“Massive” one-of-a-kind holiday show draws tens of thousands to Chicago to benefit small businesses

The first year Donzel Gordon exhibited at the One of a Kind Holiday Show, he was worried he wouldn’t make enough to cover the booth rent and turn a profit.

The self-taught wood-turner quickly settled down when a customer offered to buy 11 of his handmade wooden bowls.

The experience was so rewarding that Gordon, who works under Donzell Creative Works, said he returned for a second year.

“You get more leads, just more eyes on your work, and that’s a beautiful thing,” said Gordon, 52, of Avondale. “This will carry me through again until the rest of the art shows start again.”

Shoppers gather around Saturday for the One of a Kind Holiday Show, which features about 500 vendors this weekend at the Merchandise Mart.

The show, now in its 22nd year, opened Thursday and runs through Sunday, 10 a.m. to 5 p.m., at The Merchandise Mart. It features about 500 other artists from around the country — 200 of them new exhibitors — and has become a holiday shopping destination for about 50,000 visitors.

First-time visitors are not quite prepared when the elevators open on the seventh floor and they step into a virtual mini-city of makeshift shops, divided into “districts” and “markets,” with thousands of people milling about under the bright lights.

“It’s huge,” Abby Bissey, 29, said of her as she entered the event.

With friend Claire Bennett, also 29, the pair made several rounds to collect the vendor cards, making notes they wanted to return to.

Both Wicker Park residents said they enjoy supporting entrepreneurs.

“That’s the coolest part,” Bennett said. “I got my boyfriend a canvas bag, so it’s made from recycled canvas. And the best part is that now we have this story [to tell]as the man who founded it was a German sailmaker.

Customers have an array of items to choose from, including jewelry, furniture and greeting cards, clothing at the Fashion District, baked goods at the Gourmet Market, and art at the Fine Art Gallery. The event also features free art-making workshops, live music and cafes and bars. There are also sections for emerging artists and future food entrepreneurs.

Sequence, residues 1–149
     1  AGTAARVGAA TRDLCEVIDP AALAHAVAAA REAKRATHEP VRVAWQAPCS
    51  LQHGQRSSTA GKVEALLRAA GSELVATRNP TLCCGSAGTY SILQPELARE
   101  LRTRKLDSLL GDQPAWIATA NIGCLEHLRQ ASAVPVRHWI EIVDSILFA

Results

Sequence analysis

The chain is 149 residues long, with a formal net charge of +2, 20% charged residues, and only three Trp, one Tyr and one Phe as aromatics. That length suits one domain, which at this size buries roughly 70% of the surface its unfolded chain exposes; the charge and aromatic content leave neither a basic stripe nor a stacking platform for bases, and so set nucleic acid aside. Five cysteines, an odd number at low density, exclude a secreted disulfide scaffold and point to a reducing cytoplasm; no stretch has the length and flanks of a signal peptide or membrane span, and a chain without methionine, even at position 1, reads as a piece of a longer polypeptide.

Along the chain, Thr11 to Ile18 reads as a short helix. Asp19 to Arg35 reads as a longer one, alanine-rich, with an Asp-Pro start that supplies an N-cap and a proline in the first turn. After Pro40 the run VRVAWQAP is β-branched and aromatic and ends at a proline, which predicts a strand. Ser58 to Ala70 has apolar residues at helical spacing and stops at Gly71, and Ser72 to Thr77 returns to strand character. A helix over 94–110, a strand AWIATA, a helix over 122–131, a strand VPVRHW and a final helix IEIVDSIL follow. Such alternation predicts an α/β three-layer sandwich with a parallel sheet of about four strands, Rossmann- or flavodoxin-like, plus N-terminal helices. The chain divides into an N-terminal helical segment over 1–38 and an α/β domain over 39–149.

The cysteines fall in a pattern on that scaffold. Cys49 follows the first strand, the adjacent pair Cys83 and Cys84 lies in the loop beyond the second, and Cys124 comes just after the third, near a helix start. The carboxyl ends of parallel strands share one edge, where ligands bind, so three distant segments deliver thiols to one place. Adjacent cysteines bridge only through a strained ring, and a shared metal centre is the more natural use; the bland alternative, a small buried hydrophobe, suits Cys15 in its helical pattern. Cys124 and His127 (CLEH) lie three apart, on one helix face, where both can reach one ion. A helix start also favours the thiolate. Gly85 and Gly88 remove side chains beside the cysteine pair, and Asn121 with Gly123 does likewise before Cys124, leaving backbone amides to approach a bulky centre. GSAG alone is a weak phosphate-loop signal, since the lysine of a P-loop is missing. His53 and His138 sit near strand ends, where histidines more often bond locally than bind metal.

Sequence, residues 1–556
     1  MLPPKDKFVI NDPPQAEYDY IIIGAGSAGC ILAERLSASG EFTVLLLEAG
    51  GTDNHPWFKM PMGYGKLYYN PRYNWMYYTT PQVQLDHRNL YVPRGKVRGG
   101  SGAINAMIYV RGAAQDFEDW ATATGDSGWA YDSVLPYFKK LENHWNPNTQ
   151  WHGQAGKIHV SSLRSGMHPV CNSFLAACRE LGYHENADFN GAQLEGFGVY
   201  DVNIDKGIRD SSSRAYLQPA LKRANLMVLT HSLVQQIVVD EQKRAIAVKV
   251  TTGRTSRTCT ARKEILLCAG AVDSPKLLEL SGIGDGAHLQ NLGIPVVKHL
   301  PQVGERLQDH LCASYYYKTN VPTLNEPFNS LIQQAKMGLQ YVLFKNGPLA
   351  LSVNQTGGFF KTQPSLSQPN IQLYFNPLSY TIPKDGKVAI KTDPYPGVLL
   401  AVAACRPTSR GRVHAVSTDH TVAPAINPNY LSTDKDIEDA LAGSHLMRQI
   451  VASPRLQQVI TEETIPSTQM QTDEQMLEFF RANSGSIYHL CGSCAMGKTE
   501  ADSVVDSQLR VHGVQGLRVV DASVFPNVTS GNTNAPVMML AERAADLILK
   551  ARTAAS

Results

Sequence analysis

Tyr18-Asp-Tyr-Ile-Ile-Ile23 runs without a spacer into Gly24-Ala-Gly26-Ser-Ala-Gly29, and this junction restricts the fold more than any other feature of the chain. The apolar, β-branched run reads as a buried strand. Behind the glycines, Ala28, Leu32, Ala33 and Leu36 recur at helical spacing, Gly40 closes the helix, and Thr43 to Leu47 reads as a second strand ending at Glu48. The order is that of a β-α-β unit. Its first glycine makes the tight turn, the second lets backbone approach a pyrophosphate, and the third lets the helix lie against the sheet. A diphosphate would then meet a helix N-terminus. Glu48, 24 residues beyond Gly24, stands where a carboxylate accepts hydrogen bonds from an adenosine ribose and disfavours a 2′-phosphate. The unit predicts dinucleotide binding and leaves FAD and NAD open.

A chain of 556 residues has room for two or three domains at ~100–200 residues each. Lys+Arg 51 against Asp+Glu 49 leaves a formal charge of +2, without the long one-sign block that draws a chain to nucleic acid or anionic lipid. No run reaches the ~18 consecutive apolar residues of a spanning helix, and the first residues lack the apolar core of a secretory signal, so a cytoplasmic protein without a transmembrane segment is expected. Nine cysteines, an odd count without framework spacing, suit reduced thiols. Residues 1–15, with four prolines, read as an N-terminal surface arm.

The event has become a major source of business for Serious Lip Balm, which is based in downtown Jacksonville and is exhibiting for the second year.

“We had a great time here,” said Khara Koffel, who co-owns the store with Megan Lucky. “People come back and it’s great because you get to see people you recognize from freshman year. People are looking for us.”

The event was so successful for the women that they were able to limit their participation in similar markets to just one more a year.

“It helps us be able to make money for the business … but it also allows us more time with our families so we’re not traveling every weekend,” Koffel said.

Khara Koffel, co-founder of Serious Lip Balm, talks to a customer about skin products on Saturday.

Khara Koffel, co-founder of Serious Lip Balm, talks to a customer about skin products on Saturday.

Show organizer Kathleen Hogan said she was happy to provide a platform for artists during the winter, when there are fewer opportunities for market exposure.

“I think the city really supports these artists and you see that especially this weekend,” Hogan said. “The road has been tough since COVID. Some artists had to change and find other work. I just want to be able to maintain that platform for them and for the city. What I also see is that it has become a tradition for people. It’s now part of their holiday tradition.”

Wooden gnomes by Donzell Gordon, founder of Donzell Creative Works, are for sale Saturday during the One of a Kind holiday show at the Merchandise Mart in River North.

Wooden gnomes by Donzell Gordon, founder of Donzell Creative Works, are for sale on Saturdays.

That’s the case for Amanda Walker, 48, of Atlanta, and her 10-year-old daughter Eliza, who have been attending the event for several years with their family from Springfield.

“There are different things and they are one of a kind and you find new things every time,” said Eliza, who bought lotion, lip balm and putty for herself and for holiday gifts for her friends.

As for her mom’s shopping, “Her favorite place is the Fashion District,” Eliza said.

Patrons can use maps to navigate the event, which can be a lot to digest—even for seasoned vendors like Donzell Gordon.

“Last year I got lost to the toilet,” he said. “I’m like, ‘That’s not my booth.’ … It’s a big event. It’s overwhelming, but wear good shoes and have fun.”

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